SEOUL, Oct. 17 (Yonhap) -- President Moon Jae-in said Thursday his liberal administration is determined to maintain its expansionary fiscal policy and continue efforts to revitalize civilian investment in response to deepening woes facing Asia's fourth-biggest economy.
Moon reiterated that South Korea, like many other countries, is suffering economic troubles due to such external factors as trade disputes and the sharp shrinking of the global manufacturing sector.
He was apparently undaunted by attacks from political opponents, who claim that the government's "wrong" economic policies are one of the main culprits behind the nation's current economic difficulties. They have urged the Moon administration to change tack.
"Now is the time to concentrate power on the economy and the people's living," he stressed at the outset of a rare separate meeting with his economy team.
It was held at the government office complex in Gwanghwamun, Seoul, with Finance Minister Hong Nam-ki, who doubles as deputy prime minister for the economy, absent, as he was on a visit to the United States for Group of 20, International Monetary Fund (IMF) and World Bank meetings.
The session was not included in the president's weekly schedule open to Cheong Wa Dae press corps in advance. On Wednesday afternoon, Cheong Wa Dae suddenly announced Moon's plan to hold the meeting.
It came a couple of days after the IMF slashed its growth forecast for South Korea's economy this year to 2 percent from its previous outlook of 2.6 percent.
Also, the Bank of Korea lowered the main policy rate to 1.25 percent Wednesday amid worries about the possibility of deflation.
South Korea's export-driven economy is especially vulnerable to external conditions, Moon pointed out.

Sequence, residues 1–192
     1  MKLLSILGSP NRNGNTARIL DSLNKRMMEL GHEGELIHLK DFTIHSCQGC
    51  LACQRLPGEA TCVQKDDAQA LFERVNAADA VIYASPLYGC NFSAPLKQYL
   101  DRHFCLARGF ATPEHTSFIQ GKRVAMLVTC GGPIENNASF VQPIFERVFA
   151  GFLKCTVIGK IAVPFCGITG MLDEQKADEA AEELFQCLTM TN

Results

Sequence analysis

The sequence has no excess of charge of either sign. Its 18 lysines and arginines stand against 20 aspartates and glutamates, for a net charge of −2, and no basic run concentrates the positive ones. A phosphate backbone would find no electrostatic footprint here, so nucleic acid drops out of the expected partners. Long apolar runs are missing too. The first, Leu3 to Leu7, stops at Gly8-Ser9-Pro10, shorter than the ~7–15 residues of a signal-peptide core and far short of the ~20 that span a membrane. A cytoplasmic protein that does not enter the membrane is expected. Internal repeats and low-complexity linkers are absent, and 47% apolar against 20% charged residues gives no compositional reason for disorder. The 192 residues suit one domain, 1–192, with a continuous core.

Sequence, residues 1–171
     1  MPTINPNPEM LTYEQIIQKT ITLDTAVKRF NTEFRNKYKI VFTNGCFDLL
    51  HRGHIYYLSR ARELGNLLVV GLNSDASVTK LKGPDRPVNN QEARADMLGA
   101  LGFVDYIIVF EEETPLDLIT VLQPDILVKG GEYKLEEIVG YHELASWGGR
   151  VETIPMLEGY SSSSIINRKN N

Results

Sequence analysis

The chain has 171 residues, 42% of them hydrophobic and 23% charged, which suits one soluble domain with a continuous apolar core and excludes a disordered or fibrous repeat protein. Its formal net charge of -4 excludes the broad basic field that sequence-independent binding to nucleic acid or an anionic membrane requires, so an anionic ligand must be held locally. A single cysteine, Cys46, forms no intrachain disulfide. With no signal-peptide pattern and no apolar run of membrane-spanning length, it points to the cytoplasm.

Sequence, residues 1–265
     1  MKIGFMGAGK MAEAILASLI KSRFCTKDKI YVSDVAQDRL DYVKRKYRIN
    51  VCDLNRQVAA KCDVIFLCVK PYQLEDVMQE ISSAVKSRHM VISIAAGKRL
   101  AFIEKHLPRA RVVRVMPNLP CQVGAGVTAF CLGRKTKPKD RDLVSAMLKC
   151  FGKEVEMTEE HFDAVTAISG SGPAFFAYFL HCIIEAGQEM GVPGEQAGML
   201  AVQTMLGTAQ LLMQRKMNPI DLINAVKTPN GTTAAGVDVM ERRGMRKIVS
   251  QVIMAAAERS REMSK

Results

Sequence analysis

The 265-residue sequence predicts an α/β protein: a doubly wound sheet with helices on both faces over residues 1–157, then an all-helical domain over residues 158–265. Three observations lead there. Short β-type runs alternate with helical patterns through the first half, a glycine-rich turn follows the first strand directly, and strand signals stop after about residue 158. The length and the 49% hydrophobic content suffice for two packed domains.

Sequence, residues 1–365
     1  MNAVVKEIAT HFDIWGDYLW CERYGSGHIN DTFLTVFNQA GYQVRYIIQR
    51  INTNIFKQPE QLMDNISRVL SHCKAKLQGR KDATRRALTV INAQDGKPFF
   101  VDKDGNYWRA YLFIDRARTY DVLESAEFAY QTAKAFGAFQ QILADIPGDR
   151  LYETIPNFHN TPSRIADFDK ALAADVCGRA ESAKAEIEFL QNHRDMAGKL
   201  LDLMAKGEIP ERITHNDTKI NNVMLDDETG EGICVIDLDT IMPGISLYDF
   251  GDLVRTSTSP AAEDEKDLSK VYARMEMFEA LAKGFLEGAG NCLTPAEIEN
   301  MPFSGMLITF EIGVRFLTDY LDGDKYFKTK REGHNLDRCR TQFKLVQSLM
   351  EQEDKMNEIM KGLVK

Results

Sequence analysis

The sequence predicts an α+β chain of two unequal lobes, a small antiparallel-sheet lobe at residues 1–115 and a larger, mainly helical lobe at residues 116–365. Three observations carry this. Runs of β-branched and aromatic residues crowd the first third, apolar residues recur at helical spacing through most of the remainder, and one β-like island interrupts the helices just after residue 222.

Above all, he said, enhancing the civilian sector's vigor is necessary to boost the economy.
"In order to ride out the declines in exports and investment, attributable to a global economic slowdown, the government should provide more support for exporting companies and play an active role promoting private investment," Moon said.
He said the government plans to increase investment in the construction sector, while sticking to the principle of avoiding a campaign to "artificially stimulate" it.
The government will have to advance the supply of houses for low- and middle-income people and begin the construction of planned metropolitan transportation networks at an early date, he added.
Moon also vowed to increase public investment in social overhead capital.
"When the economy is in difficulty, it's a must do for the government to expand fiscal spending to reinforce the economy and inject a vigor into the economy," he emphasized.
It was Moon's first separate gathering with economy-related ministers since he presided over an "expanded meeting" with them at Cheong Wa Dae last December.
Moon's move is seen as reflecting his resolve to oversee economic affairs in detail and in person amid growing concerns about his economic record, in particular ahead of the general elections next spring.